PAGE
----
On July 29, 1776, Fathers Francisco Atansio Dominguez and Silvestre Velez de Escalante led an exploration party of ten horsemen from Santa Fe, New Mexico to establish an overland route to Monterey, California while spreading the Catholic faith to the native peoples they hoped to meet along the way.
On October 14, the expedition camped at San Hugelino in present day Toquerville. The previous day, the two Indian guides, suspicious and afraid of the Spaniards, led them into the hills west of Ash Creek Canyon and disappeared, leaving the padres to find their way out the best they could. The Spaniards found their way back to Rio del Pilar 9Kanarra Creek) with great difficulty and camped there at San Daniel.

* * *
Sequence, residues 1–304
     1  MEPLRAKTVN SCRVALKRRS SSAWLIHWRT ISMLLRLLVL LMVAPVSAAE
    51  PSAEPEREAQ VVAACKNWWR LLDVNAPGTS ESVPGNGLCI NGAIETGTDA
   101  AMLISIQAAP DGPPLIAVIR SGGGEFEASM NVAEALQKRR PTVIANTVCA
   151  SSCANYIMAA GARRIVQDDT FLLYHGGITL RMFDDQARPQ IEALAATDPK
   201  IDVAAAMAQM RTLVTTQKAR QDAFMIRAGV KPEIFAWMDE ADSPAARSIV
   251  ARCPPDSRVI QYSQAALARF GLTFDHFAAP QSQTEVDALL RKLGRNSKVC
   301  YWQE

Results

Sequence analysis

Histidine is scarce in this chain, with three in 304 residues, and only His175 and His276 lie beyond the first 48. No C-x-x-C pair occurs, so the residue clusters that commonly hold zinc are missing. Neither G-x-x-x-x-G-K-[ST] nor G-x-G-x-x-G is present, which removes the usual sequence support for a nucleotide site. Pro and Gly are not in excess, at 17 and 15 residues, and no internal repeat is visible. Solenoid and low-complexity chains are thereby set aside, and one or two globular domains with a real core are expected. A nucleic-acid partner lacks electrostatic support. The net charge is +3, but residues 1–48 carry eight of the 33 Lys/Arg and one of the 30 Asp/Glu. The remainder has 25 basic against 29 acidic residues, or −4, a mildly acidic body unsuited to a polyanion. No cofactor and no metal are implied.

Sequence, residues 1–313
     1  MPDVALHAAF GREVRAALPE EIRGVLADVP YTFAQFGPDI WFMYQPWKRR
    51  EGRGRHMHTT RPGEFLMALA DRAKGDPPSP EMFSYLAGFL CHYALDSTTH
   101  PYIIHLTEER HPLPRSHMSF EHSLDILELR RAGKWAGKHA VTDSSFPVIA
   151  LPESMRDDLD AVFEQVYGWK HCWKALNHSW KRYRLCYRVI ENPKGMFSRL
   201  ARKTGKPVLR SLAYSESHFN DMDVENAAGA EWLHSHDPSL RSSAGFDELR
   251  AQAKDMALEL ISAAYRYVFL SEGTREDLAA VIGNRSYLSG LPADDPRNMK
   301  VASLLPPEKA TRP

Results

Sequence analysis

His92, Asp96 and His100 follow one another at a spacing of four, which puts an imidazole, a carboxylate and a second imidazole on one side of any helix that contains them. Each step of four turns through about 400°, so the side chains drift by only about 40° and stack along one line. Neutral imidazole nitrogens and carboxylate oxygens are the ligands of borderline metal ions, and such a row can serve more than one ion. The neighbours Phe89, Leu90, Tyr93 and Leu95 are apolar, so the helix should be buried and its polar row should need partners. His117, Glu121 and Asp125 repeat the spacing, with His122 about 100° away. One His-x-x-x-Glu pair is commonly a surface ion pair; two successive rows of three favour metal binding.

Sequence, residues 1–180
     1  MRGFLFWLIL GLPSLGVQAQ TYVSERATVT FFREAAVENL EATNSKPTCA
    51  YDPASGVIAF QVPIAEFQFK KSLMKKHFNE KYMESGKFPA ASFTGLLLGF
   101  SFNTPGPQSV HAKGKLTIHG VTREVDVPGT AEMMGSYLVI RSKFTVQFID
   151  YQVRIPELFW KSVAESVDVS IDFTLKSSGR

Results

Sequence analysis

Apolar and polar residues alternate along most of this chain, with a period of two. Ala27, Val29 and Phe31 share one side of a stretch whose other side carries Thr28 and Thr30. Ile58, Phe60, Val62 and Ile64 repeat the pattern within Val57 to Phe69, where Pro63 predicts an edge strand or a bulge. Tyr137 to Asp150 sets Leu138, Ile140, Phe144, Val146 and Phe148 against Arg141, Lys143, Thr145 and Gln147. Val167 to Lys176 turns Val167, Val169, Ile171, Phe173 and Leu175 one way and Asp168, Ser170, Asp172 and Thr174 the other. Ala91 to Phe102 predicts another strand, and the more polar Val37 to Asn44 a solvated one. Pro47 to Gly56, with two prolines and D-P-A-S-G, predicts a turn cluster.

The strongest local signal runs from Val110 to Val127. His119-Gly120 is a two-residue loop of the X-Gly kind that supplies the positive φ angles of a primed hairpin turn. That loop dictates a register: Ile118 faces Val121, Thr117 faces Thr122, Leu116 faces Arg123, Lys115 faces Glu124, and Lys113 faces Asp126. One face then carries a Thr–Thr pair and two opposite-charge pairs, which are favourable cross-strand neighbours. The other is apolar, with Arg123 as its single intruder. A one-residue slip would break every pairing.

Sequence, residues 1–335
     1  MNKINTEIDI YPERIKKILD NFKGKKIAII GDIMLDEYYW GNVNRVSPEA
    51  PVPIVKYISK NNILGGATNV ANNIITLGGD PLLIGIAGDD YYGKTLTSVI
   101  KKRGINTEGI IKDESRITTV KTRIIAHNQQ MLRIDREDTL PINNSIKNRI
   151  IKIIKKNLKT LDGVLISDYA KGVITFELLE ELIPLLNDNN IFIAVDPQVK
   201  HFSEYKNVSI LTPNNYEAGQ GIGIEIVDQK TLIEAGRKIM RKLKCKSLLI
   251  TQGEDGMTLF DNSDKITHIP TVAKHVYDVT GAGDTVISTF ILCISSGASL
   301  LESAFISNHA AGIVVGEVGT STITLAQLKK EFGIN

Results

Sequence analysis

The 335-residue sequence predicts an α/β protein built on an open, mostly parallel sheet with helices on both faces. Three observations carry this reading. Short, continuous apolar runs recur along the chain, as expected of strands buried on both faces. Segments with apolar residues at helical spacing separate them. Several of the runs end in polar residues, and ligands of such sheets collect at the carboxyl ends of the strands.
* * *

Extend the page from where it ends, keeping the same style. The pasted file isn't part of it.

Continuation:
Two days later, as the party traveled south near present day Hurricane they came upon three small corn fields, watered by irrigation ditches Since they had nothing left but two slabs of chocolate, this meant provision could be secured on the return trip to Santa Fe. The community orientation of these Indians also meant that the chances for success in teaching Christianity to them were good.
Although the expedition never reached California, they covered some 2,000 miles of challenging terrain, adding greatly to the knowledge of the geography and the native inhabitants of the Spanish domain now called the American Southwest.
This marker is located just outside the Hurricane Pioneer Museum in Hurricane, Utah